I love to talk. I can sit and watch one of those movies where nothing seems to happen except a bunch of people sitting around a room chatting. I can still be riveted because I love hearing ideas. I like words.
But talk therapy doesn’t always mean a lot of talking. Sometimes it gets quiet in therapy, and that’s okay.
In fact, it can be good.
If you think I’m “talking” out of both sides of my mouth here, it’s probably because I’ve written on this site about how talking about anything, even if it’s not something you think is related to your issue, can bring you to new realizations. It can open a door to your psyche. It can make connections about why you do things that you might not have figured out without the winding, goal-less, meandering free chat.
Yet, in some cases those words could obscure what’s really going on. They may get in the way of some important feelings. In fact, talking can be the very defense we use to avoid having certain feelings.
The Ultimate Therapy Cliché
“How are you feeling?”
It’s a pretty clichéd therapy line. So much so that when I was a young therapist I told myself I’d never say it. I didn’t want to be compared to the long line of bad TV and movie therapists; I’d have something much more insightful to offer.
I soon realized that it’s a cliché because people often don’t know what they’re feeling.
Sometimes the question is actually fairly stressful, and for good reason. Some people spend so much time thinking and talking that they never really connect with what they are feeling. If they are asked, “How are you feeling?” the most honest answer they may be able to give is, “I don’t know.”
And that’s fine. “I don’t know” is always a fine answer. At least as a starting point. It can be a relief to say it. Correct: you don’t know. That’s why you’re here.
And then … silence. And then you sit with that unnamed feeling.
Finding the Feeling in the Silence
If you’re a storyteller, then these are important, rich, and scary moments. It can be exasperating because you often really, really want to know. And I’d love to tell you—but I don’t know how you feel, either. My tool is I’m very aware of how I’m feeling when I’m with you. And that can be helpful to share.
Therapy is not a “conversation.” It’s not a normal situation. It’s a petri dish, an experiment, a place to look at the way we interact on a meta level.
But in general, we need the silence so you can check in with yourself and see where that feeling is. Maybe it’s in your body—many physical sensations are signs of a feeling we’re having before we’re aware of it.
Heck, the “anger management” field is practically built on the idea that if we can sense that first sensation indicating we are angry (tight stomach, hot face, clenching fists), we may be able to prevent ourselves from being taken over by an uncontrolled feeling expression.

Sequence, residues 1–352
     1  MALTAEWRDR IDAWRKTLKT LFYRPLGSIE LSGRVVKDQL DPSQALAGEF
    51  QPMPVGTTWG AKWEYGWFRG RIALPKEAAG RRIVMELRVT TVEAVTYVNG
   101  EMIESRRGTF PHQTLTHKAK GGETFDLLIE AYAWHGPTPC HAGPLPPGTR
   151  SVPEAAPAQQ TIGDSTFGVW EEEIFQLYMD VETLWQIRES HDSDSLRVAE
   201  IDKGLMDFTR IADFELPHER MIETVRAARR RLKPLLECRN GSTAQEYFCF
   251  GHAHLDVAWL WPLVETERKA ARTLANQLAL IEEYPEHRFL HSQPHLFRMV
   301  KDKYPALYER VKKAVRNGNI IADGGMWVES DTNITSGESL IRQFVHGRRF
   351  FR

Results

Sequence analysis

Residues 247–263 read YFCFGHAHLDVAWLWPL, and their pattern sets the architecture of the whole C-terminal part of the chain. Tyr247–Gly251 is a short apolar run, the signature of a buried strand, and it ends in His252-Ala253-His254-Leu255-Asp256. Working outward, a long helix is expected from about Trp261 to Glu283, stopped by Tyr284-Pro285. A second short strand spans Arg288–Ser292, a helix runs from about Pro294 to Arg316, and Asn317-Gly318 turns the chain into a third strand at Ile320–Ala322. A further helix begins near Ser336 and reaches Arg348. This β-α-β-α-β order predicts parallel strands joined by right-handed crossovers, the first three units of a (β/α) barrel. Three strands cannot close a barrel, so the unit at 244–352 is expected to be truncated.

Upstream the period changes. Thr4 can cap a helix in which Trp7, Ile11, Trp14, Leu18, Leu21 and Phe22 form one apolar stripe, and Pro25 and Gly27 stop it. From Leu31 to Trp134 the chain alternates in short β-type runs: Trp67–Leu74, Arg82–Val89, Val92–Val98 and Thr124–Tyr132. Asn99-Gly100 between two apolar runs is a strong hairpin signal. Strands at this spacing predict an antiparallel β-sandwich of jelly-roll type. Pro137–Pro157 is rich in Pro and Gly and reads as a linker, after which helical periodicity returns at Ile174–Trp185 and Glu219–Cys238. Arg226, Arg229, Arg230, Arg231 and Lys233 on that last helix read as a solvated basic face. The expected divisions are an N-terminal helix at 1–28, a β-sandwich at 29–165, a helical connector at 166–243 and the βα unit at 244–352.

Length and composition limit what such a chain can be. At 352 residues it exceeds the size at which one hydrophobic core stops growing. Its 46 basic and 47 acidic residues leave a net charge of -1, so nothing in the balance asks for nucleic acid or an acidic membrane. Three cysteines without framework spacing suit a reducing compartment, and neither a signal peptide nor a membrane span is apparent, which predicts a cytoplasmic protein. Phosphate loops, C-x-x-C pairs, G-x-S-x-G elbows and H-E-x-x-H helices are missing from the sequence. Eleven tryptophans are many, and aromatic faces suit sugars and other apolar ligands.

For my part, often if I have a headache, it’s a signal I’ve been feeling sad and I need to allow that feeling in. Sometimes the headache needs to pound to let me know I need to stop thinking, stop analyzing, stop talking—and just feel.
Why Silence in Therapy Is Different
Therapy is not a “conversation.” It’s not a normal situation. It’s a petri dish, an experiment, a place to look at the way we interact on a meta level. It’s often pushing against what generally makes sense as to how we go about our lives. This is why it takes time to build trust with your therapist. It’s so when you sit in silence, you can trust that you and your therapist are both still working. You’re both allowing a process to unfold and occur and not know where it’s going.
The silence gives you time to connect with your therapist—and then tell them—what you’re feeling. Something like:
- “When we’re not talking, I get upset because I feel you’re not helping me anymore.”
- “If you don’t talk, I feel like you’re abandoning me. It makes me feel very alone.”
- “You’re getting paid for nothing! You must love it when we don’t talk. What am I to you, just a cash cow?”
- “I don’t know what to say. I’m stuck.”
How refreshing would it be to say that to someone whose job it is to process it with you? It’s a chance to better understand how you come across in an environment with someone who won’t leave you.
Trust this part of the process.
Trust the silence. It can say so much.
© Copyright 2017 GoodTherapy.org. All rights reserved. Permission to publish granted by Justin Lioi, LCSW, therapist in Brooklyn, New York
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